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WHEN: Tuesday through October 28

WHERE: Shea's Performing Arts Center

ADMISSION: $22.50-$52.50.

INFO: 852-5000

"Swing!" begins with a guy in a purple striped suit belting "It Don't Mean a Thing if it Ain't Got That Swing."

And it goes on from there, with high-kicking Lindy hoppers, blaring trombones and saxophones, and no fewer than 30 dance numbers. Rumors of the death of the swing fad, it appears, have been greatly exaggerated.

"Swing!," which comes to Shea's Performing Arts Center on Tuesday and will be on the road for another eight months, was nominated for a bundle of Tony awards and has been drawing raves simply for its overwhelming energy. People appreciate how physical it is. (During rehearsals, the story goes, the action frequently came to a standstill because of injuries.)

And no one, it seems, can resist yet another nostalgic trip back to the era of the big bands.

Clarolyn Maier, an Oregon native who sings the songs in "Swing!," clearly savors the mood of the era.

"I would call myself a girl singer," Maier admits a little sheepishly on the phone, discussing her part and calling up images of Rosemary Clooney and Anita O'Day. "It's the USO scene. I sing "I'll be Seeing You.' There's a moment where I open the show, a dance segment called "Bounce Me Brother.' I'm the girl singer, surrounded by dancers. It's so much fun."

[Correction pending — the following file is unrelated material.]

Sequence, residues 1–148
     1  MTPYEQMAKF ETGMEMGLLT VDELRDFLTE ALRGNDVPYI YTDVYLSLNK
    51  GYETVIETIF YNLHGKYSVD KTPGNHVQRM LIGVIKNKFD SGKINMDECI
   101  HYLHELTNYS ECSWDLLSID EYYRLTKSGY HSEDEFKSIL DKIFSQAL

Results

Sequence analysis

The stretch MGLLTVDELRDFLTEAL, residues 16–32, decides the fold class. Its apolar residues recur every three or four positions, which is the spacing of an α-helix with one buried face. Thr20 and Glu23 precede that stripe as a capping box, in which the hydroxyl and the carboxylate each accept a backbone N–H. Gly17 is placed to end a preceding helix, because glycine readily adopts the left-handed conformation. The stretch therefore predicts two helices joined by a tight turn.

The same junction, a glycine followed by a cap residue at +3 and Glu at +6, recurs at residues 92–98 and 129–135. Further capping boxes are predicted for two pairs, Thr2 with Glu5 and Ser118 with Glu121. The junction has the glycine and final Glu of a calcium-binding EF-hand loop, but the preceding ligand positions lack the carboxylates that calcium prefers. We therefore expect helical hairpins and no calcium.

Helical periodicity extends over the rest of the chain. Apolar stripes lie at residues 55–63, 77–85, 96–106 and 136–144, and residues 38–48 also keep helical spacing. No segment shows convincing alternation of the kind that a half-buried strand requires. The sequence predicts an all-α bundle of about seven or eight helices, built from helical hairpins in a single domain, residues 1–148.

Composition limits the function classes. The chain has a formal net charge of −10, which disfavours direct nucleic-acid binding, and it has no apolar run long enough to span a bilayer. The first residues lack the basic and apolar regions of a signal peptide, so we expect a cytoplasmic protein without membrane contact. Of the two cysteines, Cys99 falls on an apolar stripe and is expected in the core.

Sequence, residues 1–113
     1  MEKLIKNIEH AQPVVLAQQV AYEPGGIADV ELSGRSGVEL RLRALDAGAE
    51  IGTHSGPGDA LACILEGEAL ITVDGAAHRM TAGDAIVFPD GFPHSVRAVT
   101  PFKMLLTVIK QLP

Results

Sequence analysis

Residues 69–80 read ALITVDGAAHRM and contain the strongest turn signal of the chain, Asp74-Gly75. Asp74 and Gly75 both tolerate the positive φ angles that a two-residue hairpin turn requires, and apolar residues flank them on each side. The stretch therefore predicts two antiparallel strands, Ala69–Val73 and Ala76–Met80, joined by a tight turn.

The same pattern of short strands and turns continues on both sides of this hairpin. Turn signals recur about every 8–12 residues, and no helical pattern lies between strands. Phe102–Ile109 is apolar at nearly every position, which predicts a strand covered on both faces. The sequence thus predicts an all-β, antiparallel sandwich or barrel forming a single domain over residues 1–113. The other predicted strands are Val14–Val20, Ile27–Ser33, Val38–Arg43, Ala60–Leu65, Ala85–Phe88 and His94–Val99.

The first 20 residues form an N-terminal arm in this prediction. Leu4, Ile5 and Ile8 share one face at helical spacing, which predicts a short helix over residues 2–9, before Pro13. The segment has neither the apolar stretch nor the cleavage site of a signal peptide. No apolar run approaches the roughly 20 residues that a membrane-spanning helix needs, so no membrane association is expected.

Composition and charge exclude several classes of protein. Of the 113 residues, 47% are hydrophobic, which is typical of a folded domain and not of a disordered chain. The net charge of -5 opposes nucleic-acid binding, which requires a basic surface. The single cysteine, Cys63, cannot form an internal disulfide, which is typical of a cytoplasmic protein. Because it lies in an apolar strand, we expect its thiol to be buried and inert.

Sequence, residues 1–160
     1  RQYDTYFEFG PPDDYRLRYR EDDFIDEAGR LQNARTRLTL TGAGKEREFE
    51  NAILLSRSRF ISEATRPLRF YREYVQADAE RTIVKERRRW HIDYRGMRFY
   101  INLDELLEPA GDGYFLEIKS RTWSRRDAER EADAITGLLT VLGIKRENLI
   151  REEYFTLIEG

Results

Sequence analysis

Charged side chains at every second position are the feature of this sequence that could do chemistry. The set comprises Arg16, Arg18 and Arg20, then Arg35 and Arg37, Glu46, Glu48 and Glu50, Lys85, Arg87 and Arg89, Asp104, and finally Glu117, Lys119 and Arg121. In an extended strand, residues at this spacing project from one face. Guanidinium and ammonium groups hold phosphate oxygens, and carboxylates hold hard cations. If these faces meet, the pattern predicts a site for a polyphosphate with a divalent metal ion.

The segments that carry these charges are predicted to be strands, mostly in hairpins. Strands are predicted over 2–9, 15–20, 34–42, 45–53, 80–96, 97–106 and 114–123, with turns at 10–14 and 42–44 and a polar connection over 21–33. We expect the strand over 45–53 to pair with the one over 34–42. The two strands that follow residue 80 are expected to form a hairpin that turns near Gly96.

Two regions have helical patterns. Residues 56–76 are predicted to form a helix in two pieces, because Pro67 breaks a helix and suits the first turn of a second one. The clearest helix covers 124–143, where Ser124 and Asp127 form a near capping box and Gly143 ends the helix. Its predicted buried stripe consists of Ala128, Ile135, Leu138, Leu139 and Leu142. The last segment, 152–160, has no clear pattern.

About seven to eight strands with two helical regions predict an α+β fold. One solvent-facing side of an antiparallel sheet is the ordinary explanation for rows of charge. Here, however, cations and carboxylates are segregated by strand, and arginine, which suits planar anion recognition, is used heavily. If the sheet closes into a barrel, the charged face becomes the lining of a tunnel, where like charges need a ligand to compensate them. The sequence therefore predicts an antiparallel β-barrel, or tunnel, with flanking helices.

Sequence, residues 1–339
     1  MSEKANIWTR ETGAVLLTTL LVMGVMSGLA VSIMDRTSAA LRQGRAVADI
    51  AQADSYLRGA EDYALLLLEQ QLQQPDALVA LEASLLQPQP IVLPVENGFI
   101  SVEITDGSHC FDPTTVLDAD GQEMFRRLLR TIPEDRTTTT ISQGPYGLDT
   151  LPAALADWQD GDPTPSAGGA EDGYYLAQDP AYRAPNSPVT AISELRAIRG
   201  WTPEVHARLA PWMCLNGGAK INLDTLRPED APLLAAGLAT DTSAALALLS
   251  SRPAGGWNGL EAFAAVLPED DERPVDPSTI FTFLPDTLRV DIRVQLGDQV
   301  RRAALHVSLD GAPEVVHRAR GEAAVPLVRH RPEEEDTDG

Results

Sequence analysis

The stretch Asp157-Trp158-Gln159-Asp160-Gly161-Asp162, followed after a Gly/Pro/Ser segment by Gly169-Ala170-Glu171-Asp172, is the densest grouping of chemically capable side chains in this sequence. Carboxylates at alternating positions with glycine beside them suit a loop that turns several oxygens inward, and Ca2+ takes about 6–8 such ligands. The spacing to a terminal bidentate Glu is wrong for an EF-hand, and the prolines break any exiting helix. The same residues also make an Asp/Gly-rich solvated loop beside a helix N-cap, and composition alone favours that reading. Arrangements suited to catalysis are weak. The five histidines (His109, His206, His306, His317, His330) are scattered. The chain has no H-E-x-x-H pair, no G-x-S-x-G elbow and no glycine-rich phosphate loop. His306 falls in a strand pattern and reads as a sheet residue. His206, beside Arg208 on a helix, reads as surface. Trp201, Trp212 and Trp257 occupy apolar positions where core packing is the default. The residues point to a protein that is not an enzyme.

Standards featured in "Swing!" include "Caravan," "Bad Case of Rhythm," the sultry "Harlem Nocturne" and a galloping "Boogie Woogie Bugle Boy" that promises to shake Shea's. An accomplished pianist (she also plays the harp), Maier plays the piano with the orchestra for "Blues in the Night."

She appreciates the mood of the era she's re-creating.

"I'm a huge Sinatra fan," she says. "Frank Sinatra really knew the art of phrasing. He could take a lyric and turn it into something brand new and give it new meaning - not only with his musicality. His voice was so distinguishable. That's part of the era of this genre. There's so much of this genre of swing that has so much charm and well-thought-out compositions. The music is so well-composed. I guess you can say it's got a beginning, middle and end. Each song takes you to a different place."

Maier also adores Sarah Vaughan, Billie Holiday and Ella Fitzgerald. Back home in California, where she pursues a career as a jazz singer, she's lucky to enjoy a close connection with one of them. "My accompanist, George Gaffney, was Sarah Vaughan's accompanist," she says. Music has landed Maier in some strange places. Once, she played harp in the same studio where "The Wizard Of Oz" was filmed. She was performing in the video for "I Stand Alone" by Steve Perry.

That was rock, and this is jazz - but it seems that "Swing!" packs at least as much punch.

"The finale is so electrifying and hot," Maier exults. "The orchestra, singers and dancers are collaborating as one. It's a celebration of the music and the dance."


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